By Michele S. Byers
New Jersey experienced its worst flooding in years on Sept. 1 when the remnants of Hurricane Ida dumped up to 11 inches of rain on a landscape already saturated from previous storms, including Hurricane Henri just 10 days earlier.
Heavy rainfall was expected, but the torrential downpour and speed of rising waters took this state we’re in by surprise.
Thirty New Jerseyans died in the flash floods – more than in any other state – and hundreds of homes and businesses were damaged or destroyed. Eleven of New Jersey’s 21 counties were declared federal disaster areas.
Ida dropped as much as 3 to 4 inches of rain per hour in some areas and at least eight rivers and creeks set new records for flood stages.
According to climate scientists, a hotter atmosphere causes more evaporation, especially from the oceans. Once the atmosphere becomes saturated with moisture, precipitation is released during storms.
In the case of Ida, the hurricane’s core moisture came up from the Gulf of Mexico and merged with another storm system to produce huge rainfalls across a wide swath of New Jersey, eastern Pennsylvania and southern New York.
Compounding the flooding is the proliferation of impervious surfaces like asphalt and concrete. As more of New Jersey is paved over, fewer places are left for water to be absorbed into the ground. As Ida proved, excessive storm runoff can quickly turn deadly.
The bad news is there is no clear end in sight. A sobering new report by the Intergovernmental Panel on Climate Change, a body of scientists convened by the United Nations, concludes that many devastating impacts of global warming are now unavoidable. However, the report stated, it is still possible to take action to avoid a worst-case scenario.
According to the report:
• It is “unequivocal” that human activities have warmed the atmosphere, ocean and land. Increases in carbon dioxide in the Earth’s atmosphere can be directly tied to the burning of coal, oil and other fossil fuels;
• The scale of recent changes are “unprecedented” over a period of many centuries to many thousands of years;
• Human-induced climate change is already affecting weather and climate extremes in every region across the globe. Impacts include heat waves, heavy precipitation, droughts and tropical cyclones.
• The world has already warmed about 2 degrees Fahrenheit (1.1 degree Celsius) since the 19th century. It is unavoidable that global surface temperatures will continue to rise during the next 30 years to at least 2.7 degrees Fahrenheit (1.5 degrees Celsius) above pre-industrial levels;
• But there is still a chance to alter the climate path by taking aggressive and immediate action. If deep and widespread emissions cuts are made immediately, global temperatures could stabilize by about 2050.
Under the most optimistic of the report’s five scenarios, reaching “net zero” emissions could even bring about a slight temperature reduction in the second half of the century.
There is no longer a credible doubt that drastic reductions in emissions, along with a rapid transition to renewable energy, like wind and solar, is necessary to prevent the worst impacts of climate change.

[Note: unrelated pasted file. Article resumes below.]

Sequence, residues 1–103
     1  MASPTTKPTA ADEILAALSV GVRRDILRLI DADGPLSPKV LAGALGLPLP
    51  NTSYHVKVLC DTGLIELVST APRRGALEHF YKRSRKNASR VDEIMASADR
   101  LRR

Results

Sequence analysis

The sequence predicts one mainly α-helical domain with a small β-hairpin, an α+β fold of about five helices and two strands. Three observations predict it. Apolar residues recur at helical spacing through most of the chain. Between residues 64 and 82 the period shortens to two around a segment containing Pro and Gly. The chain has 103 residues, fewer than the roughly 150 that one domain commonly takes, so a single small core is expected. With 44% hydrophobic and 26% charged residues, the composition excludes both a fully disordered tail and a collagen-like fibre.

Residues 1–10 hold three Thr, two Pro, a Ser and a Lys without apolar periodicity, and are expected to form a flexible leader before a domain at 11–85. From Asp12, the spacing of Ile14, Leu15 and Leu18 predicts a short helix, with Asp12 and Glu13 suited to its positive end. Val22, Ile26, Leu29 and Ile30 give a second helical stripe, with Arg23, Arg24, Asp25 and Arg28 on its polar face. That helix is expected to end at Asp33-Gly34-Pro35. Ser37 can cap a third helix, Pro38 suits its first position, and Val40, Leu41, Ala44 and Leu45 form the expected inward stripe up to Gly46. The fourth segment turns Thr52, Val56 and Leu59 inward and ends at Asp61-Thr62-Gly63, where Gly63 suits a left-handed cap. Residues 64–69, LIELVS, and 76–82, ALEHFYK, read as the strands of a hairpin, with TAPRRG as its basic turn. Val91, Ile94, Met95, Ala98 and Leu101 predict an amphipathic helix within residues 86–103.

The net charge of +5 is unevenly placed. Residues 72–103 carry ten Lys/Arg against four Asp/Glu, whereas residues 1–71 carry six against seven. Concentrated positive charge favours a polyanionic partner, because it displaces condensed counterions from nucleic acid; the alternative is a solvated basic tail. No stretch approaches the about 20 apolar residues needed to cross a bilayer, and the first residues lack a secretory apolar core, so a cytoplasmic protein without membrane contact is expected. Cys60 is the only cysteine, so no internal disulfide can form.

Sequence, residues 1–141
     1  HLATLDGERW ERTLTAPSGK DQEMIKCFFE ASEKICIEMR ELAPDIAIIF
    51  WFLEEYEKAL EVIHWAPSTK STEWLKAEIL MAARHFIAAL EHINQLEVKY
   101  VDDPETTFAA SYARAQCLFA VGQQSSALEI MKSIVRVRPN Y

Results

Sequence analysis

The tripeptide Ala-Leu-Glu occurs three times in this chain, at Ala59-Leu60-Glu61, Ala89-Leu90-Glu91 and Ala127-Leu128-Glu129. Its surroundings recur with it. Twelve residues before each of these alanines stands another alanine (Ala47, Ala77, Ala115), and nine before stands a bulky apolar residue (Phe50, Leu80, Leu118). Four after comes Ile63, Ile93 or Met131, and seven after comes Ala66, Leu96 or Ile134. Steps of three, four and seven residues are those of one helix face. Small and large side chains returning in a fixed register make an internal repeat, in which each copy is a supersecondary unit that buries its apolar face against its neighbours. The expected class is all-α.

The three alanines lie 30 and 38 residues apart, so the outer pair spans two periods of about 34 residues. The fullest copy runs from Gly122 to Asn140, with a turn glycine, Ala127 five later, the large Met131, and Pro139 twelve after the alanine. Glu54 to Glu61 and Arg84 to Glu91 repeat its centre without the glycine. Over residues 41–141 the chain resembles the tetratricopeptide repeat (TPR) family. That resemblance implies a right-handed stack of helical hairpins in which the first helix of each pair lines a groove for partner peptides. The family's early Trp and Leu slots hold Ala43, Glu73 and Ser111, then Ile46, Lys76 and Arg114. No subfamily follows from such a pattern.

New Jersey is already working toward its target of reaching 100% clean energy by 2050.
The New Jersey Conservation Foundation recently joined the New Jersey League of Conservation Voters and others in calling for a more aggressive target of 100% zero-carbon electricity by 2035.
Changes in land management practices, particularly in agriculture, can help provide a natural solution. Land management that sequesters carbon can mitigate the impacts of climate change. Many states, including New Jersey, are developing natural and working lands strategies.
Perhaps we could learn from the Netherlands – one of the world’s lowest lying nations – about how to reduce deadly flooding by creating and expanding flood plains along rivers.
Earlier this summer, Dutch officials completed a 1,300-acre flood plain along the Maas River. The project was quickly put to the test when flood waters from torrential rains in Germany and Belgium were bearing down on the Netherlands.
The new flood plain did exactly what it was supposed to, absorbing enough water that river levels dropped and flooding was averted in downstream cities.
The New Jersey Blue Acres Program is buying out flood prone properties, removing structures and restoring the land to natural conditions. More funding and investment is needed for these voluntary buyouts, ideally supplemented by federal funding, to help frequently hard-hit communities like Manville.
To read the Intergovernmental Panel on Climate Change study, go to https://www.ipcc.ch/report/ar6/wg1/
To learn more about New Jersey’s Blue Acres Program, go to https://www.nj.gov/dep/greenacres/blue_flood_ac.html
To read about the Dutch efforts to create flood plains, go to https://www.nytimes.com/2021/09/07/world/europe/dutch-rivers-flood-control.html
Michele S. Byers is the executive director of the New Jersey Conservation Foundation, Far Hills.